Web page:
The majority of palm oil production in Thailand is for domestic consumption and the country has not faced as much criticism related to environmental, labour and human rights issues as Indonesia and Malaysia, which together account for 86% of global supply.
However, RSPO certification is still essential for Thailand as long as the country exports consumer products such as frozen chicken, instant noodles, and soaps which use palm oil in the manufacturing process.
“International markets are moving toward environmentally friendly products, and commitments to transparency and best farming practices,” said Mr Prakarn, a former chairman of the RSPO National Interpretation Working Group.
“If consumer product makers switch to use palm oil that is manufactured based on RSPO principles, we can certainly increase the productivity and competitiveness of the entire value chain, and eventually oil palm smallholders’ production costs will be reduced,” he added.
“Moreover, smallholders could earn additional income from RSPO certification. One smallholder group in Krabi has already earned approximately 700,000 baht from selling RSPO credits.”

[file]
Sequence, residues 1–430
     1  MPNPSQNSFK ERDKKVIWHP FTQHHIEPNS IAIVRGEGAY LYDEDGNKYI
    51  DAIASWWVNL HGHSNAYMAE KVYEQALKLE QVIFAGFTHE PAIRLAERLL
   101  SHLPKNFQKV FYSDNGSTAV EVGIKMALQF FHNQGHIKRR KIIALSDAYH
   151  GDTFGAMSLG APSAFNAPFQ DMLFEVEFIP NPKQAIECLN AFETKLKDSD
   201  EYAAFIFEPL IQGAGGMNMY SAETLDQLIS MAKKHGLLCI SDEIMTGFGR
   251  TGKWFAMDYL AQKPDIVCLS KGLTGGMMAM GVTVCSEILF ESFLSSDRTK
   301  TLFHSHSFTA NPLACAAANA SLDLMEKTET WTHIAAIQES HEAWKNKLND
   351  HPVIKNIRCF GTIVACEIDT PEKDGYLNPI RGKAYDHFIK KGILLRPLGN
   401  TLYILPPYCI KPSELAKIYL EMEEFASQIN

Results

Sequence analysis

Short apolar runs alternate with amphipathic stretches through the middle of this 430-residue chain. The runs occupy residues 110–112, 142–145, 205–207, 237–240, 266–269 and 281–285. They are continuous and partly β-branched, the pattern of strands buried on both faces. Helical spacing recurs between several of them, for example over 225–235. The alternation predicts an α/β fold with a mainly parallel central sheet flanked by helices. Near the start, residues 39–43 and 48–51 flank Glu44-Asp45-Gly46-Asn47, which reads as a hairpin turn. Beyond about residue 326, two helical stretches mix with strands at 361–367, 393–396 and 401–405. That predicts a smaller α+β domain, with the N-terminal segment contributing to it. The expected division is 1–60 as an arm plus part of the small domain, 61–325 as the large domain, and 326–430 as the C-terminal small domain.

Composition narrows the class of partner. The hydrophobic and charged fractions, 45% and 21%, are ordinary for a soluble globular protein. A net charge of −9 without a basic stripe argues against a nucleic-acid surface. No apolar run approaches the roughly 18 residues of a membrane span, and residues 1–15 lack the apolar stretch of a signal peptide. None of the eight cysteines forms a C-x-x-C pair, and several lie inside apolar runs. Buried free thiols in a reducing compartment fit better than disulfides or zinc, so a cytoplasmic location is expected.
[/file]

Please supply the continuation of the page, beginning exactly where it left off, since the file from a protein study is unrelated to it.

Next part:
Sanin Triyanon, managing director of Pathum Vegetable Oil Company Ltd, agreed that unlike its neighbouring producing countries, Thailand’s palm oil industry does not face the same international pressure related to environmental concerns.
“There is room for the sustainable palm oil market to grow in Thailand and more consumers in major consuming countries are demanding sustainable palm oil products that support communities and safeguard the environment,” said Mr Sanin, who is also the chairman of the Thai Biodiesel Producers Association.
However, it is still vital that palm oil businesses work with oil palm smallholders in the supply chain to enhance their productivity and improve livelihoods. Besides, raising public awareness about sustainable palm oil consumption is essential for market competitiveness at both the domestic and international levels.
“Collaboration with not only policymakers in setting direction and implementation guidelines, but also the private sector in working directly with small-scale oil palm growers and consumers are key steps to transforming Thailand’s palm oil production to meeting the international standard,” he said.
Pathum Vegetable Oil was the first Thai company certified by the RSPO for responsible oil palm plantation management in 2012. The certification asserts that the company’s business has complied with global demand for sustainable palm oil production.